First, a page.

Read the Tulare Lake Basin Study Report grey dividerCWC RECEIVES SETTLEMENT FUNDING FROM FRACKING CASE

The State of California just took strong action against oil companies involved with fracking, and it resulted in funding for a project through CWC! CWC will receive approximately $200,000 in funding from a settlement of a state enforcement action against two oil companies for illegal water pollution. In April, state authorities at the Central Valley Regional Water Quality Control Board set up a new Supplemental Environmental Project (SEP) fund to support community-based environmental projects in the Central Valley. CWC advocated for the creation of the new fund so that court settlement resources could be targeted effectively to water quality projects in communities without safe, affordable water. State authorities chose the Rose Foundation for Communities and the Environment to administer the program. CWC is honored and grateful to be the first recipients of this SEP funding, and we look forward to seeing this SEP funding support more community-based water programs. CWC will use the funding for private well testing in disadvantaged communities, community outreach and education in partnership with the AGUA coalition, and to support community participation in regional watershed planning.

Read More Button gray dividerHONORING TERESA DE ANDA


With heavy hearts, we share news that Teresa De Anda, a founding AGUA member from Earlimart, passed away last weekend. Teresa De Anda was a longtime organizer, advocate, leader, mentor, mother, and loving friend to many in our movement, and she has been a strong community partner since the beginning of CWC. She was an incredible advocate for low-income rural communities and communities of color threatened by exposure to unsafe drinking water and pesticides. Following a major pesticide drift incident in Earlimart in 1999, when 180 residents were poisoned by the pesticide metam sodium, Teresa turned her anger into awareness and then action. In addition to serving on the Coordinating Council of AGUA, Teresa was a community organizer with Californians for Pesticide Reform and a founding member of  El Comité para el Bienestar de Earlimart. She was instrumental in passing the Pesticide Drift Exposure Prevention and Response Act in 2004.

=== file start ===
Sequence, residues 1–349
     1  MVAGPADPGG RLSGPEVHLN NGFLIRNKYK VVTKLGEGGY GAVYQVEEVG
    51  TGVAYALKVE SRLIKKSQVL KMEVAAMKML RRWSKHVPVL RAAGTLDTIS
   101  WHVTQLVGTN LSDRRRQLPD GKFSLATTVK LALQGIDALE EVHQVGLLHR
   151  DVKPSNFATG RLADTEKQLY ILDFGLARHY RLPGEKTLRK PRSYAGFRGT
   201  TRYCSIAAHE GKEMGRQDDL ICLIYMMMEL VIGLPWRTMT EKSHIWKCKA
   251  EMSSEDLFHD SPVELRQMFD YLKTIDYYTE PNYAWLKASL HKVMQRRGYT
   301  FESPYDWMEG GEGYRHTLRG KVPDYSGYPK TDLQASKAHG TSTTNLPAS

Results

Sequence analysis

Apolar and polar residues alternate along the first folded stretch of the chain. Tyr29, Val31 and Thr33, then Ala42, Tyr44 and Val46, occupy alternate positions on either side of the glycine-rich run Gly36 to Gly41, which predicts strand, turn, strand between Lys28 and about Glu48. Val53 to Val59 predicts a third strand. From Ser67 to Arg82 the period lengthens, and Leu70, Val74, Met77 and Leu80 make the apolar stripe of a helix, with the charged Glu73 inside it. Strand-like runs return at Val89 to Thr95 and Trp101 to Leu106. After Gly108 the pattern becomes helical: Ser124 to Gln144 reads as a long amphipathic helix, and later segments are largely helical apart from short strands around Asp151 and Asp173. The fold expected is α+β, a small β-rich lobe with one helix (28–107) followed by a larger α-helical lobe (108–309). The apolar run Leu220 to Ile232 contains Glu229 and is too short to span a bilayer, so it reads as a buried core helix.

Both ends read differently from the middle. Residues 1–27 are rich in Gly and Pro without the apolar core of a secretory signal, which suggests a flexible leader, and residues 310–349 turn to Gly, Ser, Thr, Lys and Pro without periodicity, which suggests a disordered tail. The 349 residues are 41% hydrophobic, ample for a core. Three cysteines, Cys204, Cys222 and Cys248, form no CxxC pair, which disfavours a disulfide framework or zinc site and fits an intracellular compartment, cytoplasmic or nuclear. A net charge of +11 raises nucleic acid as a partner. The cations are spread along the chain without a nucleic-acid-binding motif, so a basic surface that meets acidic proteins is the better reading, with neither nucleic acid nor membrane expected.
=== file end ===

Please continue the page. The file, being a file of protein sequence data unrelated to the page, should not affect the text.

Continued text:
Teresa was an inspiring leader in the movement for environmental justice in the San Joaquin Valley and throughout the state. We are honored to continue to lift up Teresa’s spirit, memory, and contributions to the movement. Please click below for a photo tribute to Teresa, an NPR story honoring her, and details about how you can support Teresa’s seven children and extended family through this time.

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Susana received the Mark Dubois Award at the City Club of San Francisco. She shared stories about the fight for the Human Right to Water for all communities. 

Congratulations to CWC Co-Director Susana De Anda for being honored with Friends of the River’s Mark Dubois Award for her leadership in building the grassroots movement for water justice! In the eight years since co-founding CWC with Co-Director Laurel Firestone, Susana has used her expertise in organizing, leadership development, capacity building, and community-led advocacy to grow a robust movement for water justice in the Central Valley. Susana is honored to receive the award for CWC’s work to pass the Human Right to Water Bill and support communities developing lasting water solutions. CWC looks forward to partnering with Friends of the River to bring Youth for AGUA members river rafting again in 2015.

Read the Tulare Lake Basin Study Report
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Top photo by Bear Guerra